I took the coach up to Cummins in Shoreview at the end of June for regular maintenance, oil and filters and a transmission service and to have them check a few other things.
This is an exerpt of what I posted on the Foretravel Owners Forum. This is a story that could have turned out much worse than it did.
Last fall we had out coach serviced at Cummins. They did all the normal coach service including checking the air filter. It was OK. A couple trips after service and then in the barn for the early part of the winter. Early January had us heading to Houston to visit Rudy and then to NAC for work at Xtreme. Three weeks there and a few more days in NAC and then west to Arizona and New Mexico. We were on the road for four months.
Somewhere along the way we got a significant amount of water into the air intake, down the snorkel and into the air filter canister where the air filter got wet.
In four months we only drove in the rain one day, from Prescott to Parker, AZ on Feb 28. There was a really big storm, lots of rain and wind heading south from Prescott, same heading west towards Parker. The other way, north, west and then south had lots of snow, 20″ at the Grand Canyon.
Well, the result of this was that the wet air filter failed and air filtration to the engine was compromised. After leaving Parker we went to the Grand Canyon. I noticed for the first time ever that there was some oil spatter on the Jeep and the back end of the coach. There was oil coming out of the breather tube hanging down on the right side of the Engine. I checked on the Forum, no hints about checking the air filter. No reason for me to check it but even if I had I think the damage had been done.
Another two thousand miles before we got home. No performance or mileage issues. I did have to add some oil. This concerned me because the coach has never used any oil at all.
The verdict at Cummins was abnormal engine wear.
So they started tearing the engine down to see how far the damage extended. Turbo, charge air cooler (CAC, this is after the turbocharger and cools the high pressure air going into the engine), valves, cam, head, pistons, cylinder sleeves, crank shaft bearings and air compressor all had some damage. Cummins recommended a high level in-frame overhaul. That means they could do the work without removing the engine. I said do it.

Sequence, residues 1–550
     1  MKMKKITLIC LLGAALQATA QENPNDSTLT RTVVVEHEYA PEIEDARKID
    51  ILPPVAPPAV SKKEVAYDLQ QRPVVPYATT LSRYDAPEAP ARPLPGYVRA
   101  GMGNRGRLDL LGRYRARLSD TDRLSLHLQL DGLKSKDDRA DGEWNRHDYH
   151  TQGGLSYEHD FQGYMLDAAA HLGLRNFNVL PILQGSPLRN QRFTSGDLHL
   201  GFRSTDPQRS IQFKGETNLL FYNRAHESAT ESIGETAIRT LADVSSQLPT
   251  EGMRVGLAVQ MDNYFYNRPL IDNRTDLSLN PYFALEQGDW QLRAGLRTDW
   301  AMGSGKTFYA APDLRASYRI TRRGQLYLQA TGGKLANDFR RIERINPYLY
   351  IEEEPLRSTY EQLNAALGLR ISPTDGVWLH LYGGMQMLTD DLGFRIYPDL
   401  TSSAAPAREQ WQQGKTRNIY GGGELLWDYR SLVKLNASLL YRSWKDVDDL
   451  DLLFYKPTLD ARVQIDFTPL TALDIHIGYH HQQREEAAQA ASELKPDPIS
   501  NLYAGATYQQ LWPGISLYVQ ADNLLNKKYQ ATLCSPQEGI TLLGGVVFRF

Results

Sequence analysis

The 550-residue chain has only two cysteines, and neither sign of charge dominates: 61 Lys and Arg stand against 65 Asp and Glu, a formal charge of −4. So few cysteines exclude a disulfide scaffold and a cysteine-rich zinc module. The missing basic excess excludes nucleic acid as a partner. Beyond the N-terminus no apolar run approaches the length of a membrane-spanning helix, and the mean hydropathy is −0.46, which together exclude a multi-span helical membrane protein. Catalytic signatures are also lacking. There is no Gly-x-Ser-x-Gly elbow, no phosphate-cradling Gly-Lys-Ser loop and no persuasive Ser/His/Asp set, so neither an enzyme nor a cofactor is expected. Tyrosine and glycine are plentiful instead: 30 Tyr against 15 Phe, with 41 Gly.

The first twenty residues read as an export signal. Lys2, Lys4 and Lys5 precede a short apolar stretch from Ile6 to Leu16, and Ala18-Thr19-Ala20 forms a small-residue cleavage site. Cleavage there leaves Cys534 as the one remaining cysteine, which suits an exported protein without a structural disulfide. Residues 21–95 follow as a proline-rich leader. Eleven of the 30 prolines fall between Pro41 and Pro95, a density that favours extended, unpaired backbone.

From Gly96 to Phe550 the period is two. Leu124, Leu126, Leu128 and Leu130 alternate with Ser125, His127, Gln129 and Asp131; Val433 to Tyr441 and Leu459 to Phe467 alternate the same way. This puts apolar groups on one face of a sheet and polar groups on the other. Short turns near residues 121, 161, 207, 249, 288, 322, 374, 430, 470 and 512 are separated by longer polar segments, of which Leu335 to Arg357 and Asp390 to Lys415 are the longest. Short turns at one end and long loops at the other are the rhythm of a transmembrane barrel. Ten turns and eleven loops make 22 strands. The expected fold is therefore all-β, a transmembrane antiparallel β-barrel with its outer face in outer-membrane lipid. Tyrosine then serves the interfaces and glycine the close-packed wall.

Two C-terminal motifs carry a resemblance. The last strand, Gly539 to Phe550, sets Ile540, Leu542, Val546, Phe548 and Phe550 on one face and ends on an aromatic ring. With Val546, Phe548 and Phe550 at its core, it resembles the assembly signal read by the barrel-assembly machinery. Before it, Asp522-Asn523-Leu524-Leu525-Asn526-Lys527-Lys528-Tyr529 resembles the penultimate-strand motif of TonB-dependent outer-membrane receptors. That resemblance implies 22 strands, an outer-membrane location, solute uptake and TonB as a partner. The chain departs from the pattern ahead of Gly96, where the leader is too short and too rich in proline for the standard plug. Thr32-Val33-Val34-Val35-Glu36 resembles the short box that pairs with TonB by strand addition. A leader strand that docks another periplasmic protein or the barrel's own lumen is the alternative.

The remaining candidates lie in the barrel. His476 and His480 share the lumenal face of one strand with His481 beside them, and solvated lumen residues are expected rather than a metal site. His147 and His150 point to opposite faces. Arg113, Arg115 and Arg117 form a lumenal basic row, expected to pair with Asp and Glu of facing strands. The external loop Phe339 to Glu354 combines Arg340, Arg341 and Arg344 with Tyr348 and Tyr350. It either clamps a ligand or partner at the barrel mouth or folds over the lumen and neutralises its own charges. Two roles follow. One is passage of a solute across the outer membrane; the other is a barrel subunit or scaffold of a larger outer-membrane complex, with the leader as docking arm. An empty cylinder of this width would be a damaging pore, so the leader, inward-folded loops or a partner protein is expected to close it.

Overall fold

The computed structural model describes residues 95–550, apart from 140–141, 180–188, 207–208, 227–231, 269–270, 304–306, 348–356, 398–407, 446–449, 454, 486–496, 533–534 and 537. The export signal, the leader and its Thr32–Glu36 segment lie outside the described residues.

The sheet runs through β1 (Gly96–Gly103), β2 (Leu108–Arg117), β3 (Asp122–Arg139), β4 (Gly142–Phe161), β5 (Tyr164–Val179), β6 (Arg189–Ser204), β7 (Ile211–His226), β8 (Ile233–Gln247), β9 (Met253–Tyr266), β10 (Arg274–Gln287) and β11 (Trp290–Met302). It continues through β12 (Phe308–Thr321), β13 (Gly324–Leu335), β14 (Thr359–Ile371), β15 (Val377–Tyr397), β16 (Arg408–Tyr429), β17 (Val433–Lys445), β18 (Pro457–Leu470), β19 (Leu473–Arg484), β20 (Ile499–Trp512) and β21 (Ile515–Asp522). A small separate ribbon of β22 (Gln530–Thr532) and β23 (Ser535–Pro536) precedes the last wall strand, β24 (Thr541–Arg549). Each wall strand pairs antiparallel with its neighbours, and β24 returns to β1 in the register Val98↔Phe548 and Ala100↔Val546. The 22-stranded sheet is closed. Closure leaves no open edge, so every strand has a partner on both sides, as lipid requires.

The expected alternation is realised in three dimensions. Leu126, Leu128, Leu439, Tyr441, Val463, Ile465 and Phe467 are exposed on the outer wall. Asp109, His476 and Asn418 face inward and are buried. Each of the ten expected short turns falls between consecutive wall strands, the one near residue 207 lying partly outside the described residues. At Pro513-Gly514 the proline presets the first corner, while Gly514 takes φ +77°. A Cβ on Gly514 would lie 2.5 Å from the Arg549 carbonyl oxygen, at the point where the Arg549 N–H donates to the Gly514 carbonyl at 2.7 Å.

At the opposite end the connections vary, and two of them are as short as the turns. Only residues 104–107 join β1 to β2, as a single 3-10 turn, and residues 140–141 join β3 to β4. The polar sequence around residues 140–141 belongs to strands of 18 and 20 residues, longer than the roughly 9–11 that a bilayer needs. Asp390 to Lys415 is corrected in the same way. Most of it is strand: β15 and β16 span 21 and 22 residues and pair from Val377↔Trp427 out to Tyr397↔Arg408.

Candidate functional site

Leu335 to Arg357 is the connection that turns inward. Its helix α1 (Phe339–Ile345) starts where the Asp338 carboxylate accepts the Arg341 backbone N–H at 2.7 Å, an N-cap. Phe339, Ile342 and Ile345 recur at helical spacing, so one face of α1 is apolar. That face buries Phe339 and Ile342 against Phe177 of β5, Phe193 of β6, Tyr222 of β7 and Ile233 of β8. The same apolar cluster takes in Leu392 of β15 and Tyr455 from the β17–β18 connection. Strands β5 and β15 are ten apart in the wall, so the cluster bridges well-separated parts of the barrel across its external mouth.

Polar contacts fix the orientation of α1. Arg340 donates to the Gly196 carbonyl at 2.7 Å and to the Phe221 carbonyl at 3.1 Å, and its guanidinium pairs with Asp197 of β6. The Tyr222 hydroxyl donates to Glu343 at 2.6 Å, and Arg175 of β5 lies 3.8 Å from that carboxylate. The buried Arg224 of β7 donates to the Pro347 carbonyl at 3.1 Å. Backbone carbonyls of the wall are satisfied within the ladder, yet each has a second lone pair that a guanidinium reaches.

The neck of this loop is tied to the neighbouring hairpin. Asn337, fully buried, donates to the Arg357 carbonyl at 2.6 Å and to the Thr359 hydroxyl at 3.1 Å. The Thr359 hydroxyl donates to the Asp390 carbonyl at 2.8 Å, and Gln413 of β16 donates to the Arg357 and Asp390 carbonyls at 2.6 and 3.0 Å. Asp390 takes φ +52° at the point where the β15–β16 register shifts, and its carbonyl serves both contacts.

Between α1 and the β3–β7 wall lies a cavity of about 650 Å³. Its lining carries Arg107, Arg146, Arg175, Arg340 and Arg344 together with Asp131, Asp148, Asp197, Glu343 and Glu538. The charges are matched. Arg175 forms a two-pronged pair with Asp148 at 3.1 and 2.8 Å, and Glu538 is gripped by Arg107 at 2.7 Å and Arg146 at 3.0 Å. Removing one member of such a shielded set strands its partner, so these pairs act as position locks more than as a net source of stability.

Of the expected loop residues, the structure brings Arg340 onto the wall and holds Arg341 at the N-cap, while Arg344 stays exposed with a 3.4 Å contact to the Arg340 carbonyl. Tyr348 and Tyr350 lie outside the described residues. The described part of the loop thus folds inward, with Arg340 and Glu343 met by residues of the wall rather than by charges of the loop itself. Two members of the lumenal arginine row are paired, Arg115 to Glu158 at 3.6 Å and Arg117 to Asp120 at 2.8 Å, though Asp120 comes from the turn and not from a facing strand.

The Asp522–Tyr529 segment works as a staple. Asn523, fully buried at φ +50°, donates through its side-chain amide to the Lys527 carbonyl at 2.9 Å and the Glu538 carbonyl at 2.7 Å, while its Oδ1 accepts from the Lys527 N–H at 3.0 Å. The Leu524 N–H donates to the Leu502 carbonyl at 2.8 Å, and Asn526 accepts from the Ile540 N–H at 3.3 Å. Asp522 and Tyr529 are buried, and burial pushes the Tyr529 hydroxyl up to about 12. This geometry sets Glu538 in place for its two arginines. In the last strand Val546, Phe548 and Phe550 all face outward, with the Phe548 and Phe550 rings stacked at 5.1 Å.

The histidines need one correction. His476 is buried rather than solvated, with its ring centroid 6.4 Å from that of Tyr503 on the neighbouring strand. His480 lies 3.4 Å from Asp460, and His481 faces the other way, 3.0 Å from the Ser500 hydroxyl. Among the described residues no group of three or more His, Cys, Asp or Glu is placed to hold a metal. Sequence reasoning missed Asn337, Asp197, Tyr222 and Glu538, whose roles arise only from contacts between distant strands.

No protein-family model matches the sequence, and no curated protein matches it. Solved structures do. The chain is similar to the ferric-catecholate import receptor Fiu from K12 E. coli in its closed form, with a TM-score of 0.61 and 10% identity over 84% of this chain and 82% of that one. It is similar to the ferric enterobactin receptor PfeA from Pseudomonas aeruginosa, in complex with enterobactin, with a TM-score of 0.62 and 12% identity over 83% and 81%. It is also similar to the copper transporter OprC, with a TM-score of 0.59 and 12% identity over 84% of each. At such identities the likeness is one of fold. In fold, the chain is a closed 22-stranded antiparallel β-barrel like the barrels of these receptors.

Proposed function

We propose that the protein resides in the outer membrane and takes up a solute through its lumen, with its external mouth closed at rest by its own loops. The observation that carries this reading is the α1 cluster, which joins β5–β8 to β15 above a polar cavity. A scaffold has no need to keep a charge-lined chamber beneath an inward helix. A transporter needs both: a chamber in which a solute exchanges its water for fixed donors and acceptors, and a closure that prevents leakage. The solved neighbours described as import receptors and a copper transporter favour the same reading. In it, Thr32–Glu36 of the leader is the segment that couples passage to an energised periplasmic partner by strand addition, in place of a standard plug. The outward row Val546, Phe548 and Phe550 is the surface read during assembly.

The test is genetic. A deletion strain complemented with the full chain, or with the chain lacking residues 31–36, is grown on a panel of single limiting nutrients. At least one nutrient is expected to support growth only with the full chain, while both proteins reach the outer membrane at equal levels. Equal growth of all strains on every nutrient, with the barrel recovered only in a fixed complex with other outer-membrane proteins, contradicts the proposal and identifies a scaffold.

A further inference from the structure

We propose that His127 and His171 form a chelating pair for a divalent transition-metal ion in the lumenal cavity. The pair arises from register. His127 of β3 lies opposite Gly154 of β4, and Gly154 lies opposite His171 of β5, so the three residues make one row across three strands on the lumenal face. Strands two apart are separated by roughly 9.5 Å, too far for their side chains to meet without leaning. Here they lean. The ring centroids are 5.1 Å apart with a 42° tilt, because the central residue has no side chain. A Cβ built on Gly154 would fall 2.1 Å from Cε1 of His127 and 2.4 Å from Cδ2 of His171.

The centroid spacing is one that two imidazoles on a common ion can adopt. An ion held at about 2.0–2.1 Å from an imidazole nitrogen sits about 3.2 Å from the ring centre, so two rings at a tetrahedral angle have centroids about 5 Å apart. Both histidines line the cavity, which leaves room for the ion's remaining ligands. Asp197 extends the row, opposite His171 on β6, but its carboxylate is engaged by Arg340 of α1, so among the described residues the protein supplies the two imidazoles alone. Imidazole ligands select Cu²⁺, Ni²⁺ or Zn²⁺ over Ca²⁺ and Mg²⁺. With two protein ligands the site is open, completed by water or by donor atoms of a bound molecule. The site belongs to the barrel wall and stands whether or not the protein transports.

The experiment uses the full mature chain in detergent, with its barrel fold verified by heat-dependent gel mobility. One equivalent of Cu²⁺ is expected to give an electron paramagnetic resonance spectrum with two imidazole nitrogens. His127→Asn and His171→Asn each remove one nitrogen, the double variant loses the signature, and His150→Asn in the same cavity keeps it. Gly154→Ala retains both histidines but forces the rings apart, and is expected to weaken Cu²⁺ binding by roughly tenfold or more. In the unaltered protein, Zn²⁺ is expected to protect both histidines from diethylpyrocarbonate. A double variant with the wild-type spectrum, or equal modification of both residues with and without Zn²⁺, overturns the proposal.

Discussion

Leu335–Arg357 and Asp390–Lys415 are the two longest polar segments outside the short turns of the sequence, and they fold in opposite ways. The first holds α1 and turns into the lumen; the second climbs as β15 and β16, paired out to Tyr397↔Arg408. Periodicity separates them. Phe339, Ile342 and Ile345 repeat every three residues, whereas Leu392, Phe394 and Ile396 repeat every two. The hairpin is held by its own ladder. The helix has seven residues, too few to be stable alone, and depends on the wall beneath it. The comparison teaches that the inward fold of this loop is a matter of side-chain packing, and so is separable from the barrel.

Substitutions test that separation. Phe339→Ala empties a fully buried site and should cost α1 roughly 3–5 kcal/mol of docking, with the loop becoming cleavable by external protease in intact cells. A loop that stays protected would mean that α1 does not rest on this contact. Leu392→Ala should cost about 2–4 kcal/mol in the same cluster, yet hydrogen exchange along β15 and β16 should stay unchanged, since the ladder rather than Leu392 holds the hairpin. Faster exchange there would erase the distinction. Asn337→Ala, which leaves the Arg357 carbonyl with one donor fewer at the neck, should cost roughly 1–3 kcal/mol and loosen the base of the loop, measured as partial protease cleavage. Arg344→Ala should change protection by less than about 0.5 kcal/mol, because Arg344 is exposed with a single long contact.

The Service Manager at Cummins suggested I check with my insurance company since the damage was caused by rain and water intrusion which caused the air filter to fail and all of the collateral damage. Good suggestion.
My insurance company agreed after seeing weather reports from that area on that date and the damage reports and pictures from Cummins. Comprehensive covered it as flood damage, minus my deductible. And the oil change, coolant change and transmission service were required as part of the rebuild.
So it took Cummins about three weeks to get the parts and do the work. They even replaced the engine computer (ECM) because it had water damage and was intermittently misbehaving and the fuel pump. They reused the block, the valve cover, the oil pan and the crank shaft and the injectors. Pretty much everything else is new. They ran it on their break in program on the dynomometer (about 30 min). Steam cleaned everything and painted it to look like new.
I picked it up about 10 days before we were leaving on this current trip. The ECM reported to the VMSpc 0.9 hours and 2.7 miles. 35 miles to home, 9.5 mpg on an esentially brand new motor. Amazing.
So my out of pocket will be my deductable, about what I would have paid for the service anyway. I bought a spare air filter and I will check the installed one frequently, especially after rain. I got a deflector for the air intake from John Haygarth. I had several chats with the engine tech, Arvie, who has more than 30 years with Cummins. He was very deliberate about this job, he was the only one who worked on it. He saved every part to show me the wear. He was very careful inside the coach. Susan says it was very clean, even the outside of the coach. He commented every time I talked to him that the Foretravel engine access was great to work on. He showed me a couple other coaches that were not. He was especially impressed with how nice the coach looked after 15 years. They just don’t see that level of care, pride of ownership and quality on other brands.
The bottom line is check your air filter more often than you are doing now especially after a rain event or a wash down. Get an air deflector. Reports are that they extend air filter life. And make sure your insurance coverage is adequate for catastrophic events.
More than 40 forum members reported that they went out to check and then changed their air filters. At last count more than 25 had ordered John Haygarth’s air deflector. One of the great things about the forum is that we share our successes and our difficulties. This problem has not happened to any other FT owner that we know of. It really was an extraordinary event. If folks are aware, maybe it never will again.
I learned a lot about diesel engines.
Now confidence building starts over with our new engine.
I now have 27.5 hours on the engine. All is working well.
We are in Bozeman today, 8/3, getting the starter replaced on the Jeep. Another something. Better here than 20 miles off road.